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TRC Final Report
Page Number (Original) 88
Paragraph Numbers 144 to 149
Accountability and law enforcement: exercise of police powers
144 States normally enjoy a monopoly over the legitimate use of force. Certain bodies and officials, primarily the police services, are empowered to use force to uphold the rule of law and to maintain public order. As in the case of armed conflict, however, the authority to use force to uphold domestic order is not unlimited. Generally, members of the police services are authorised to use a reasonable amount of force in proportion to the threat being addressed or the legitimate ends being pursued. Lethal force should be used only when someone’s life is in imminent danger and there is no other reasonable way to control the situation.
145 These norms are captured in the Code of Conduct for Law Enforcement Officials, adopted by the United Nations General Assembly on 17 December 1979 (Resolution 34/169). For the purposes of this part of the Commission’s mandate, the most important articles are articles 1, 2, 3, 5 and 6 which state:
Law enforcement officials shall at all times fulfil the duty imposed upon them by law, by serving the community and by protecting all persons against illegal acts, consistent with the high degree of responsibility required by their profession. In the performance of their duty, law enforcement officials shall respect and protect human dignity and maintain and uphold the human rights of all persons.
Law enforcement officials may use force only when strictly necessary and to the extent required for the performance of their duty. 28
No law enforcement official may inflict, instigate or tolerate any act of torture or other cruel, inhuman or degrading treatment or punishment, nor may any law enforcement official invoke superior orders or exceptional circumstances such as a state of war or a threat of war, a threat to national security, internal political instability or any other public emergency as a justification of torture or other cruel, inhuman or degrading treatment or punishment.
Law enforcement officials shall ensure the full protection of the health of persons in their custody and, in particular, shall take immediate action to secure medical attention whenever required.
146 These norms governing the use of legitimate state power are particularly difficult to apply to the period of South African history prescribed by the Commission’s mandate. The large majority of people inside and outside the country increasingly rejected the legitimacy of the state, and activists fighting against apartheid were defined as criminals through the enforcement of harsh, unjust and discriminatory laws.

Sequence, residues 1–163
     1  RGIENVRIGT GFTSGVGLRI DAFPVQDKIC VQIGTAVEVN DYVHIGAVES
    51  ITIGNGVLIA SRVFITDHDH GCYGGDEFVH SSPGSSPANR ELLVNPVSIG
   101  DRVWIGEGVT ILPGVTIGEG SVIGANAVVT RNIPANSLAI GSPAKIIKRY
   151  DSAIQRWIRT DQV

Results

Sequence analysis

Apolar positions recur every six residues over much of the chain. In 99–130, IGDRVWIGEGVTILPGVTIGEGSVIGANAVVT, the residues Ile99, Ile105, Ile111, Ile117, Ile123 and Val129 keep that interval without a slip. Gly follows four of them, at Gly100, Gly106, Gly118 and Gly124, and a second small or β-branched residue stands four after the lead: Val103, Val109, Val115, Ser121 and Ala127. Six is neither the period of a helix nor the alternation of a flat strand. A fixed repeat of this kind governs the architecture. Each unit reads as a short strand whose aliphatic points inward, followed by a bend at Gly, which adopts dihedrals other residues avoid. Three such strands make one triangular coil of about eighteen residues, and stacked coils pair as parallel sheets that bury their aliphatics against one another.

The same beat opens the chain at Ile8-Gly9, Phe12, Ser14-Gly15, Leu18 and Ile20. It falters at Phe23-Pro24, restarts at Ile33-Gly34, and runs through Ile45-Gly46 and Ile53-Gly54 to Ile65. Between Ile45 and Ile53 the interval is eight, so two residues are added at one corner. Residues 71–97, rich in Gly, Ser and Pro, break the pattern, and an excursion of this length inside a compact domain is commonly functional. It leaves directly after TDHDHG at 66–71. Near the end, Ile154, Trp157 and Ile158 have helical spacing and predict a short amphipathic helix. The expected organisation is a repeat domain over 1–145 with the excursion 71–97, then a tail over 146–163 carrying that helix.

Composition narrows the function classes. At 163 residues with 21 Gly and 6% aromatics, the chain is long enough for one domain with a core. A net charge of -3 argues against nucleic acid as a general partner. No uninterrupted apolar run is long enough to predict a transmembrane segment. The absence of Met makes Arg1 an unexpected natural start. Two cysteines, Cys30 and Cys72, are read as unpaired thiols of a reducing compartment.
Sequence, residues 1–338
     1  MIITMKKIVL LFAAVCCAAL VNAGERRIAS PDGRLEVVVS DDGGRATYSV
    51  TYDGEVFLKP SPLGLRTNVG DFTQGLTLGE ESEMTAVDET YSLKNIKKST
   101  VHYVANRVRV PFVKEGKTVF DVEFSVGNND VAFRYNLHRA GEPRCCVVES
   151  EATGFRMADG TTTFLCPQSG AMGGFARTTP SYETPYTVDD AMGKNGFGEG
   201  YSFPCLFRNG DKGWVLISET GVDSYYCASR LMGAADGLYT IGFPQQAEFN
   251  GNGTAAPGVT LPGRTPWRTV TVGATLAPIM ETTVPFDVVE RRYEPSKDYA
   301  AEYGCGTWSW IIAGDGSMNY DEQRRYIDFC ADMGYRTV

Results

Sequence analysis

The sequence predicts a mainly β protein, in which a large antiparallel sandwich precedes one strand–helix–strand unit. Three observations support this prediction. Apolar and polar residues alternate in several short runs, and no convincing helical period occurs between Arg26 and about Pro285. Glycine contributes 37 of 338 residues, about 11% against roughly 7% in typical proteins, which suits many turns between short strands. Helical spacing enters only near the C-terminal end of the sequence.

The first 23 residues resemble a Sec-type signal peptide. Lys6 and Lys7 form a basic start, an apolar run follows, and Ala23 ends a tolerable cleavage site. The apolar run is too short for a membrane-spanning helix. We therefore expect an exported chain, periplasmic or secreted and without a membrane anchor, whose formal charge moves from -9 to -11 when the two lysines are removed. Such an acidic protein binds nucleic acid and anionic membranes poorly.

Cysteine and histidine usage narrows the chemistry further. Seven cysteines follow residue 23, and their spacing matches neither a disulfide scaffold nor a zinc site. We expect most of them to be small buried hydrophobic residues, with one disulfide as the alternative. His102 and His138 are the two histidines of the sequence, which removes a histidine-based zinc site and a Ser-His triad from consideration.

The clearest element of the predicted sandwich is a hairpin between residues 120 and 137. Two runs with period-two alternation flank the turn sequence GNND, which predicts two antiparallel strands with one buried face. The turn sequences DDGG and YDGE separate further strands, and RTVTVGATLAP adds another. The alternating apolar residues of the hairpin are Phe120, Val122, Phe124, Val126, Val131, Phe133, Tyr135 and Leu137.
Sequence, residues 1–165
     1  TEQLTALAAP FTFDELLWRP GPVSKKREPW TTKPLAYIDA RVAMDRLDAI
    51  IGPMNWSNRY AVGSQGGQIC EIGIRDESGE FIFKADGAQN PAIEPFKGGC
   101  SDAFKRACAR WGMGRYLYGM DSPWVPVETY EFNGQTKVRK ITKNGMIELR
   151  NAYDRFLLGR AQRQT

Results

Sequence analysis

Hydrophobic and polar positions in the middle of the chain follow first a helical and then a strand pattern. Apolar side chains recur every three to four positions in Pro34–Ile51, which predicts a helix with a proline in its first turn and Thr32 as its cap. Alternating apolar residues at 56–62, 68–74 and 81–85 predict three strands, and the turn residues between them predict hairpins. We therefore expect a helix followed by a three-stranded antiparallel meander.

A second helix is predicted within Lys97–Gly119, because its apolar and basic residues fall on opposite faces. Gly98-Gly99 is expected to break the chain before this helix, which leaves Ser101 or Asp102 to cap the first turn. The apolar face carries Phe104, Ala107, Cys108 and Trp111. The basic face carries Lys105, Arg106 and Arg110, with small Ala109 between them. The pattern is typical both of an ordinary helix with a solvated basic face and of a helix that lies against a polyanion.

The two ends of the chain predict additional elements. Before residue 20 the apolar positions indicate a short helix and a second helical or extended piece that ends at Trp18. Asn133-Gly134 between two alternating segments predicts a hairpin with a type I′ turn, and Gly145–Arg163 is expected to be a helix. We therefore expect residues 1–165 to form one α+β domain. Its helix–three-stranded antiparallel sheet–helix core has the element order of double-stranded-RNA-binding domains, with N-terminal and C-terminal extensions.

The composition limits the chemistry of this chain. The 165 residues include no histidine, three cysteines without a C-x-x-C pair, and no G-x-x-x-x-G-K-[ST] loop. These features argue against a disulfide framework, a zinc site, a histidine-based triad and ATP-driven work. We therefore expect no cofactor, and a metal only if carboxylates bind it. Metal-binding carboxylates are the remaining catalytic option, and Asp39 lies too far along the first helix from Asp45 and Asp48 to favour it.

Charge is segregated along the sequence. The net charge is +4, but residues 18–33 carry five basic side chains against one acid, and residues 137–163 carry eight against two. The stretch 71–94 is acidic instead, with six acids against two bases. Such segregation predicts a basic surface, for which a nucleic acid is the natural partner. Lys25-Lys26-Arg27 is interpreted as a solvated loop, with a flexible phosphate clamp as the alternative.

147 However, individual police officers saw it as their duty to enforce laws that many of them did not, at the time, believe to be unjust. Indeed, in the South African context, the police were given very wide powers to use lethal force through, for example, the Criminal Procedure Act. In the overwhelming majority of inquests involving allegations of excessive force, the police members involved were cleared of any misconduct. These included cases arising out of Sharpville, Soweto 1976 and the ‘Trojan Horse’ incidents in Athlone and Despatch, where local and international human rights organisations condemned the laws which made these acquittals possible and their uncritical application by the judiciary (see submissions on the judicial system).
148 Since the Commission had to decide whether specific acts by the SAP or homeland police forces constituted human rights violations and not necessarily whether they were legal or illegal in terms of the relevant domestic laws, it employed the internationally accepted principle of unnecessary or excessive force (described above). In the light of these international norms, the Commission found that, although the applicable South African laws at that time might not have been broken, fundamental human rights were often clearly violated. In a number of cases, the Commission was also presented with new and compelling evidence (for example corroborated statements by victims or witnesses) which strengthened the basis upon which it reached conclusions that differed from those reached at most inquests and criminal proceedings regarding police misconduct.
149 In determining whether excessive force was used, the Commission determined that it should be guided by the following considerations. First, as a body working to assist in the establishment of a culture of human rights, the Commission followed the inclusive approach to protection found in international humanitarian law. It thus interpreted human rights protections broadly to ensure maximum protection against violations. Second, since the primary duty of the police is to uphold law and order through the apprehension and arrest of those who break the law, the use of lethal force is justified only in extreme situations.28 The Commentary on this Article states that “the use of firearms is considered an extreme measure. In general, firearms should not be used except when a suspected offender offers armed resistance or otherwise jeopardises the lives of others and less extreme measures are not sufficient to restrain or apprehend the suspected offender”.